The fashion scene in Karachi is very vibrant with several top notch designers creating beautiful, well finished garments at affordable prices. Heading the fraternity is Maheen, a striking lady, who is known as the Coco Chanel of Pakistan. Immaculately dressed at all times, Maheen has enjoyed a great deal of international success ( she designed the costumes for ‘Alexander’), and has her own label ‘Gulabo’ that promotes Truck Art ( very uniquely Karachi).More than that, she mentors young designers and steers the Karachi Fashion Week with enormous aplomb. Along with Shamaeel Ansari ( another hugely successful designer), Maheen has created a strong brand for Pakistani fashion and is looking forward to showing in India soon. Inshallah, it will happen.

The Balls in Karachi are something else! Yes, Balls! Imagine the incongruity of it all. Socialites throng to these glamourous events which are generally linked to fund raising initiatives and patronized by the rich and famous, who turn up in all their finery for these officially ‘dry’ functions ( remember: no booze, we are Pakistani), but at which Scotch ( a national obsession) surreptitiously flows like the Sutlej. Will our own socialites please organize a few Balls immediately?? We need to catch up!!
I was wondering where I’d landed when the lovely ,young PIA flight attendant repeatedly announced the arrival of our flight at ‘Chitrapati Shivji’ International airport! Pass me the Scotch, please…


*Aham* said...

o firstly, arundhati and i have one thing in common, we both have super sexy cool moms.

while one mom says about her daughter "One leaves for Doha tonight. Another has a date." while my mom calls me up and tells me - "o you are staying back at a friends place. if something happens BE SAFE" ... and i would often go "MOM. It is a girl im with".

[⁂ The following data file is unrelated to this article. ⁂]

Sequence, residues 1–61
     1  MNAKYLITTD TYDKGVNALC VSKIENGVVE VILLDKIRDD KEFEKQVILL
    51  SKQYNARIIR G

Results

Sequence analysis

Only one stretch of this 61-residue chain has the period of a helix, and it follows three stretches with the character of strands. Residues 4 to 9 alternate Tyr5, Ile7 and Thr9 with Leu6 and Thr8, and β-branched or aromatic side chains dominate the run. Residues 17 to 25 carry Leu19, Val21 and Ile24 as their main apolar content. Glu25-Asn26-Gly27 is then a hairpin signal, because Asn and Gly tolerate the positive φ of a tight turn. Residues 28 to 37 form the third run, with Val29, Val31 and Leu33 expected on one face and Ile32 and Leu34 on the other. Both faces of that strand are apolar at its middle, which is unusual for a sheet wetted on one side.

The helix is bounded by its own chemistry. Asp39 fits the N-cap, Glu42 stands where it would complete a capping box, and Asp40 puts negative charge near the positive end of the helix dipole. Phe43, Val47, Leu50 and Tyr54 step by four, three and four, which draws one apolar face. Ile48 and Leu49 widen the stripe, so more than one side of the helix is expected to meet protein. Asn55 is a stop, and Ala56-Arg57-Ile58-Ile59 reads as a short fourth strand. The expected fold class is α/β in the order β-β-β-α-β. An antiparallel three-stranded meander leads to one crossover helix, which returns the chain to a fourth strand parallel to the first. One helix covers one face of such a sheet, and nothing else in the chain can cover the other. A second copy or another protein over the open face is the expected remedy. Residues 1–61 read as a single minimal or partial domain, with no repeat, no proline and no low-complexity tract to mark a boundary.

you are giving Gudda some real ideas. he might soon act on it. and we would have a fashion show in between of the sloganeering at azad maidaan. lol.


it was the babulnath effect de. may be the attendant thought it was already mahashivratri. you should have given him/her a tapli and said "abhi time hai"...

with BMC getting Tigerized once again, i guess the attendant would have been thrown down mid air without parachute if there was any sainik there.

चंद्रमौलेश्वर प्रसाद said...

Lawn appears green
Medows lush with flowers
competition is seen
Among theirs and ours :)

And what a tragedy... we are dependent on our children for guidance... we could open a book and now struggling to open a folder :)

Desi Babu said...

Dear Mrs. De,

Hope you had a peaceful Mahashivaratri! And, am I glad that you used the phrase "sweet smelling smoke" in the same sentence with the word "chillum"?!

If you had tried it within a few hours of inhaling the smoke, you might have been able to discover the powers of telepathy and clairvoyance, that reside within you. Imagine, being able to predict the future of the universe, while looking at the colors of the rainbow.

You might like my little take on the Lord's symbols on by blog, on the occasion of Mahashivaratri:

The symbols of Shiva


kiran arvind said...

Hi Shobha Mam, I enjoy reading ur books and now ur blog. You have broken all stereotypes regarding what women can talk about and what not. I aspire to be in the same league and hope some day I too will speak my mind and it will count. Happy writing to you and happy reading to us!!

Jogeshwar said...
This comment has been removed by the author.
Jogeshwar said...

This reminds me of how many cultural similarities we have between East and West Punjab. Sutlej is worshipped on both sides of the border. Alas we are not one even though drained by same rivers and culture. A famous saying goes like this " jisne lahore nai dekhya o jamya hi nahi".

Here's a link! to a nice article that sums up the challenges of being a computer savvy.